More Chicken Soups to Cure What Ails You!
- Homemade Chicken Noodle Soup
- One-Pot Chicken and Rice Soup
- Mom's Cold Season Chicken Soup
- Rotisserie Chicken Noodle Soup
- Chicken Mulligatawny Soup
Instant Pot Chicken Soup
1 (3- to 4-pound) chicken, or an equivalent mix of bone-in thighs, legs, or breast meat
4 ribs celery, sliced
3 medium carrots, peeled and sliced
1 medium parsnip, halved lengthwise and sliced
1 medium yellow onion, diced
3 cloves garlic, smashed and peeled
12 sprigs fresh flat leaf parsley
3 large sprigs fresh thyme
4 teaspoons salt
2 quarts water
Cooked egg noodles, optional
Put the chicken in the pot of the pressure cooker, breast side up.
Layer all of the other ingredients into the pot, pouring in the water last to avoid splashing:
Adding four teaspoons of salt at this point will result in a well-seasoned soup broth. Use less salt or eliminate if you'd like to make basic chicken broth to use for other purposes.
Cook the soup:
Place the lid on the pressure cooker. Make sure the pressure regulator is set to the “Sealing” position. Select the “Manual” program, then set the time to 25 minutes at high pressure. (Instant Pot users can also select the "Soup" program and follow the same cooking time. For stovetop pressure cookers, cook at high pressure for 22 minutes.)
It will take about 35 minutes for your pressure cooker to come up to pressure, and then the actual cooking will begin. Total time from the time you seal the pressure cooker to the finished dish is about one hour.
Release the pressure:
When the soup has finished cooking, wait about 15 minutes before "quick" releasing the pressure. This helps prevent a lot of steamy broth spitting out of the valve. Even so be careful when releasing the steam!
You can also let the pressure release naturally, though this will take quite a while. Wait until the pressure cooker’s float valve has returned to its "down" position before opening the pressure cooker.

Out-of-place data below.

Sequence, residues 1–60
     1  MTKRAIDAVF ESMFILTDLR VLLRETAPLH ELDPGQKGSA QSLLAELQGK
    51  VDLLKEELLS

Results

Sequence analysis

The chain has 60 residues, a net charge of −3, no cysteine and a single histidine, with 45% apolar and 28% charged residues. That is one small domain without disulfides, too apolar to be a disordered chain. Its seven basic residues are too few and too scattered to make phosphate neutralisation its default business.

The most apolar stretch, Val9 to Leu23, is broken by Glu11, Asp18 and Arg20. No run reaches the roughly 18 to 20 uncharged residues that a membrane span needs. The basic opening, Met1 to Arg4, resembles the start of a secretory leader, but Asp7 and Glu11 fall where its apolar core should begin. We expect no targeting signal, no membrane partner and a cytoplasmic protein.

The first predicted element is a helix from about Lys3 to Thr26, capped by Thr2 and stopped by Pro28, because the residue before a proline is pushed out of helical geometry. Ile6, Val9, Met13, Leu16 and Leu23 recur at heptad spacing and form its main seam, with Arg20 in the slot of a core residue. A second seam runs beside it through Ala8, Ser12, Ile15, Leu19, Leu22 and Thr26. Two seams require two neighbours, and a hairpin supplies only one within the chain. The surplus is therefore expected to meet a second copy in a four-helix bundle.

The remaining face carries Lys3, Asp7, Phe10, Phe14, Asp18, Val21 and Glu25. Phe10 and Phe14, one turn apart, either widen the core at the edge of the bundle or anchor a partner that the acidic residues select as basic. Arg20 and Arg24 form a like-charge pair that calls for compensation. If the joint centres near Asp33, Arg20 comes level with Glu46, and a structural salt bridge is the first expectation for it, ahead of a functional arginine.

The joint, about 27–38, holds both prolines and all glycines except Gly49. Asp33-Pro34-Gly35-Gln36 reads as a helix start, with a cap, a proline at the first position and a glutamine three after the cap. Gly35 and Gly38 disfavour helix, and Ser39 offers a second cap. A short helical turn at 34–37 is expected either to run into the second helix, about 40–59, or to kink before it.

Prepare the chicken meat:
Use a pair of tongs or a slotted spoon to remove the chicken from the pot, and transfer it to a dish to cool until you can comfortably handle it, about 20 minutes. It may come apart as you are removing it from the pot, so go slowly and carefully.
Take the meat off of the bones, and discard the bones, skin, and cartilage. Cut or tear the meat into bite-sized pieces.
Stir the chicken meat back into the soup:
Ladle into bowls and serve. Add cooked egg noodles, if you like.
Let any leftover soup cool completely, then store in the fridge for up to 5 days or freeze for up to 3 months. The soup may gel as it cools; it will liquefy again when heated.
|Nutrition Facts (per serving)|
|Servings: 4 to 6|
|Amount per serving|
|% Daily Value*|
|Total Fat 41g||53%|
|Saturated Fat 12g||58%|
|Total Carbohydrate 9g||3%|
|Dietary Fiber 2g||9%|
|Total Sugars 3g|
|Vitamin C 23mg||114%|
|*The % Daily Value (DV) tells you how much a nutrient in a food serving contributes to a daily diet. 2,000 calories a day is used for general nutrition advice.|